Question about Adoption and Classification of "First Generation to Attend College"

I am hopeful that someone wiser than myself can provide some advice and direction as I try to help my niece in her college applications. As a preface, my sister is a juvenile-onset diabetic with multiple complications, now on the waiting list for a combined pancreas-kidney transplant. My brother-in-law is a great guy, but not "plugged in" to the world of college admissions.....which is why I am offering to help navigate the system. </p>

<p>My niece was adopted as a newborn and my sister and brother-in -law have a lengthy biography of her birth parents, so we know that my niece's parents did not attend college. Oh the other hand, my sister is a special education teacher with a degree from Greensboro College and my brother-in-law is a grad of UNC-CH. My niece's ed.psych. evaluation confirmed a diagnosis of ADHD with visual processing disorder. Her total SAT scores so far ( M +CR+W)=1400 and weighted GPA = 3.0. She does have strong extracurriculars and is an accomplished equestrian, but I know she is facing a a major hurdle in college admissions. So...I am looking for some legitimate descriptors about my niece that may aid her in gaining admission into some of the UNC system schools, or some of the small private schools in NC, SC. or Va. </p>

<p>My question is -is it appropriate to list her as a first generation in the family to attend college, and if so, what is everyone's opinion of the weight of that characteristic on applications. Also, what are the +/- aspects of listing her learning disabilities on admissions forms?</p>

<p>Thanks in advance for everyone's valuable insight.</p>

<p>There is no way it would be appropriate to classify her as first generation. It's not about biology and genetics, but upbringing and family context.</p>

It is wonderful that you area able to help your neice through this process.</p>

<p>I would say she is NOT a first generation college app--since her family of origin is college educated.
And I think the alumni/legacey factor may be more helpful. Perhaps?</p>

<p>Definitely be sure that the psych evaluation etc is process through College Board so she gets extra time to take the SATs etc.
Also--if there is an upward trend--from before the diagnoisis--then I think perhaps its pretty important that her apps describe her journey and the work she has done to grow and achieve against a tide of difficulties..and learning challenges.</p>

<p>Going to a small nearby is a great idea. In my own personal experience, it was quite helpful for my son (also ADD) that we were nearby, especially when he had to figure out details like graduation requirements and all those sign up procedures.</p>

<p>Is it appropriate to list as 1st gen: No.
Aspects of listing her disabilities on her app: don't do it. That's not where you write about her LD. You don't want the colleges know her diagnoses before they about know her LD. Just be sure her paperwork is current, and Collegeboard has allowed for extended time.</p>

<p>Her SATs are rather low, so if she can get more test prep, have take the test again. Also consider the ACT. As for colleges, look up the book Colleges that changed lives by Loren Pope. She lists a few colleges in NC that might fit well.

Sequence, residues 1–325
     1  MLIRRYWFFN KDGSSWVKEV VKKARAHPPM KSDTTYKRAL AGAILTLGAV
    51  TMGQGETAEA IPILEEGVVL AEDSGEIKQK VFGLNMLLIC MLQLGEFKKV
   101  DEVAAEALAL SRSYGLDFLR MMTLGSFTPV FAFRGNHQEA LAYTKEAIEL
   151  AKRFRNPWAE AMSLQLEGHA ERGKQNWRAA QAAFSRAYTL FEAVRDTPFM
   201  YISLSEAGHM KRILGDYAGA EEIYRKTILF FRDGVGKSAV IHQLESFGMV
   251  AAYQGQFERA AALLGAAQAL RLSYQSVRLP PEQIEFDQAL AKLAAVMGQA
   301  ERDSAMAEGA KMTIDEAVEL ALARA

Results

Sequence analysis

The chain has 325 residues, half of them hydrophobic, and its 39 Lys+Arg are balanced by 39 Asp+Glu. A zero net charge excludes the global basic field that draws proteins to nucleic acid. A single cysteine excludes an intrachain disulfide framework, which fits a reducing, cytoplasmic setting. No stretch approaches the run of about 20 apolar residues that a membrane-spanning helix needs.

[quote]</a> loren pope colleges that change lives: Books

You might want to explore Elon University, although that could be a reach. I hear they have good support services.
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<p>Thanks, everyone for your answers. My gut told me that she/we went with who had raised her versus birth family-but someone had raised the issue, and I did not want to over look it. Limabeans: thanks for your advice- as well as that of prior posts-she has enough hurdles to overcome with low scores. For some reason, my niece does not want to take advantage of extra time on the SAT-my hunch is she feels that it would make her stand out in the crowd. </p>

<p>My research at this point me toward Eastern Carolina, Western Carolina and perhaps UNC-G, and utilize her dad's legacy from Chapel Hill. UNC-Charlotte, Wilmington and Asheville all appear out of range according to their common data sets. Elon would be great IF she could bring her SAT's up and raise her GPA, then Elon would become more of a possibility</p>

<p>Thanks so much, everyone!.</p>

<p>My daughters were born to teen moms who were in high school. It never occured to me that they would be considered first generation. Despite the fact that there were huge issues with both (one did not "know" she was pregnant and took OCPs and pain meds until 9 mos and one was having her 2nd at 16 and the nutrition problems/issues were huge), they never even brought up the subject in essays or interviews. They were adopted at birth, they had story books about adoption from the time they were toddlers, grew up knowing and never had to be "told," and neither one thought it was something that would be a hook, or that they wanted to share.</p>


<p>^^Guilford...That's the one I was thinking, and in the book "Colleges that change Lives", I think. I also have a friend whose son also has LD issues and attends one of the NC universities that's not CH, and he's truly thriving.</p>